# Introduction to mole concept: Explained with examples

This blog provides an in-depth overview of the Introduction to mole concept along with its related calculations.

The seven base quantities and seven base units make up the International System of Units or SI.  We are familiar with most of these terms, although “amount of substance” and its unit “mole” are less widely known and are mostly used in chemistry.

The term “mole” is well-known in the chemical world, but the name of the related number, “amount of material,” is less well-known. Many students still struggle with this notion. These two ideas are reviewed and explained in this article, along with the definition of the unit “mole”.

## Introduction to mole concept: What is the mole?

A mole of any element is the quantity of such element that includes Avogadro’s number, a predetermined number of atoms that are 6.02 ×1023.

• The mole of sodium contains the 6.02 ×1023 atoms of the element.
• 1 mole of water H2O molecule will contain 6.02×1023 molecules.
• 1 mole of chloride ion will contain 6.02 × 1023 ions.

## The formula of mole

Mole = Mass / Molecular weight

n = N/ NA

If we have a mass of a compound and its molecular weight, we can calculate the number of moles easily.

## Mole to Grams Conversion

Calculating the amount of a chemical in grams from moles is one of the most often chemistry computations. You will employ the mole ratio of reactants to reagents when balancing equations. All you need is a periodic table or another list of atomic masses to do this conversion.

### The formula of conversion:

We can easily convert the grams to moles and the mole to grams.

m/N = M

• m is the substance in grams.
• N quantity of substance in moles.
• M molar mass of the substance in grams/mole.

## What are the Molecules?

Molecules are groups of atoms bound together. All the atoms combine to form the molecule except monoatomic molecules. The molecules of water are H2O and the molecule of Carbon dioxide is Co2.

The molecular masses of various substances vary. Equal masses have varying quantities of atoms, molecules, or moles, but equal masses have different numbers of moles or molecules of various substances. Even though it may seem a little confusing at first, everything will soon make sense.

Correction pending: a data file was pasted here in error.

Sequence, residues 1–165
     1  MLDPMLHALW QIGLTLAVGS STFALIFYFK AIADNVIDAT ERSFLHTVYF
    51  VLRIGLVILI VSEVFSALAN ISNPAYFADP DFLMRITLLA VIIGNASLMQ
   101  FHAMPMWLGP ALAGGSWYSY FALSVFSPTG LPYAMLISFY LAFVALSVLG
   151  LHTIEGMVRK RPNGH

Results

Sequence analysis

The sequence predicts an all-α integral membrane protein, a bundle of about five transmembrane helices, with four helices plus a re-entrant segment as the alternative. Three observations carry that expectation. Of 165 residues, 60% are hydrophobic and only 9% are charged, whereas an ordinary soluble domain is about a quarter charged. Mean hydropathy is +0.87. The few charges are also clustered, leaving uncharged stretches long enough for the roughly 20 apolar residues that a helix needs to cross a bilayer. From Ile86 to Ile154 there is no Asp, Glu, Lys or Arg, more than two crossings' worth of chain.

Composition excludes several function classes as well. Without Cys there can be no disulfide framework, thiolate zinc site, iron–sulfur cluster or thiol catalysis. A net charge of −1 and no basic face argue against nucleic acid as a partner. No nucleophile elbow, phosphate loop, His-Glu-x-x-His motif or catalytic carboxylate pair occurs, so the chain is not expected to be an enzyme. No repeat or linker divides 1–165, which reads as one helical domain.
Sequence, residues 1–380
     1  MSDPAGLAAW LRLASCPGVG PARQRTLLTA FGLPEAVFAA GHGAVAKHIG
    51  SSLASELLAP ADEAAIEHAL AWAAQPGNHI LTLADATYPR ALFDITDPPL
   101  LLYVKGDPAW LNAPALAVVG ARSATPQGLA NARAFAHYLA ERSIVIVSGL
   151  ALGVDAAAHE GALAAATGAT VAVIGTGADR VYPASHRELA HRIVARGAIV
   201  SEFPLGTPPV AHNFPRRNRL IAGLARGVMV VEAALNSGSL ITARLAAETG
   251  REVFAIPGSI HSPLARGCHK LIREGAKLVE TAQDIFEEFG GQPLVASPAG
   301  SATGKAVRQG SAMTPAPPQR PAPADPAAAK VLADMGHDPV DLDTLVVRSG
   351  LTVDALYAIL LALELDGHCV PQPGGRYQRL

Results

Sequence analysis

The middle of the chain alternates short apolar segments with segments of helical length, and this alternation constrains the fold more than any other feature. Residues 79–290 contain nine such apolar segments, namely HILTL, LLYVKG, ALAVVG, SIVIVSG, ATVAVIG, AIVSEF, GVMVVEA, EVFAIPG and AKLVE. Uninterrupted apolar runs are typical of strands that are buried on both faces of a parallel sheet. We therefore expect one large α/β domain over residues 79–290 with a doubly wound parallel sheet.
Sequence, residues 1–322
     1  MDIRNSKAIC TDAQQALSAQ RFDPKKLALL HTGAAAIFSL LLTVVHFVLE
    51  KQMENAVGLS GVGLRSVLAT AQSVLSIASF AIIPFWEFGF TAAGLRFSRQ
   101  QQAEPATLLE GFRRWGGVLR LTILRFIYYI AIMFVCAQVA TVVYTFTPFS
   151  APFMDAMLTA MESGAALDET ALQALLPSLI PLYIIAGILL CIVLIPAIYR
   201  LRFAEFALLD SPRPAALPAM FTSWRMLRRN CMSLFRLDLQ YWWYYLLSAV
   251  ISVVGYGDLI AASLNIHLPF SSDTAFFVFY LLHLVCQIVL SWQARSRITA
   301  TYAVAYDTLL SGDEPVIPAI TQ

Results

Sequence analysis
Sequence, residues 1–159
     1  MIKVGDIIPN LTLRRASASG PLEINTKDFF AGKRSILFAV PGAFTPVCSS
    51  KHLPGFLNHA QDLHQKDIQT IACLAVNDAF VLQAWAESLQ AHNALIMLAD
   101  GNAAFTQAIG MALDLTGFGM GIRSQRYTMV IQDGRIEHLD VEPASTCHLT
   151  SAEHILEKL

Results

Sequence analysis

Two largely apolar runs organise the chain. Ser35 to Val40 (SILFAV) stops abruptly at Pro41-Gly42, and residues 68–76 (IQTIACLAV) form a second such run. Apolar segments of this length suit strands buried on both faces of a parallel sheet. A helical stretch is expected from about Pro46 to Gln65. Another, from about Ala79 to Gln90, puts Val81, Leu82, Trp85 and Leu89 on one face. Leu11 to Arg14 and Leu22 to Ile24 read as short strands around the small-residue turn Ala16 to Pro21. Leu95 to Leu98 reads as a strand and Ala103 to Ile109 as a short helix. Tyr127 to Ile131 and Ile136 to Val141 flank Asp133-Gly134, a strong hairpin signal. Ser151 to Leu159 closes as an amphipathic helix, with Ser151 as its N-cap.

If we deal with the stoichiometric connections between reactants and products in a reaction using moles rather than grams, it becomes much simpler.

## Calculation of mole concept

We can understand the concept of mole with the help of the below examples.

Example 1: Find the amount of substance in Sodium chloride (NaCl) when the mass is 92 g.

Solution:

Step 1: Molecular weight of NaCl

Na = 23 g/mol

Cl = 35.5 g/mol

Molecular weight = 23 + 35.5 = 58.5 g/mol

Step 2: By using the formula

Amount of substance = 92 / 35.5 = 2.6 mol

Step 3:

Analyze: The answer shows that the amount of sodium chloride is 2.6 moles.

Example 2: Find the molecular mass of Ammonium Sulphate.

Solution:

Step 1: Write the formula of Ammonium Sulphate

(NH4)2 SO4

Step 2: Relative atomic masses

N = 14, H = 1, S = 32 and 0 = 16

The molecular mass of the given compound will be

2 × (14 × 1 + 1 × 4) + 32 + 16 × 4

2×(14 + 4) + 32 + 64

2 × 18 +32 + 64

36 + 32 + 64

132 amu

Example 3: Evaluate the ratio of oxygen mole in the given compound H2O, H2SO4.

Solution:

Step 1:

First, we find the number of moles of oxygen separately in both compounds.

1 mole of H2O contains 1 × NA atoms of oxygen.

1 mole of H2SO4 contains 4 × NA atoms of oxygen.

Step 2: For ratio

1 × NA: 4 × NA

1: 4

The number of moles can be calculated easily with the help of the Mole Calculator.

We have given Mass and molecular weight as the input in the given boxes. Then press the calculate button or enter the key to find the number of moles.

Example 4: Find the number of moles in 4.6 * 1023 molecules of H2SO4?

Solution:

1 mole of molecule = 6.022 × 1023

Now to find the number of molecules, we will commute by dividing the mass of the molecule by the Avogadro number.

So,

Number of moles = 4.6 × 1023/ 6.022 × 1023

Number of moles = 0.73 moles.

So the molecule H2SO4 has a number of moles are 0.73.

Example 5: Find the number of grams in 0.8686 moles of glucose, C6 H12 O6.

Solution:

C = 12 × 6 = 72

H = 1 × 12 = 12

O = 6 ×16 = 96

So the total mass will be = 72 +12+96 = 180 g

Number of grams = 180 × 0.8686 = 156.35

## Summary

In this post, we have learned about the mole, molecular mass, and conversion of the mole to grams. You are able to find the number of moles of any given chemical formula, and compare and evaluate the ratio between the different elements.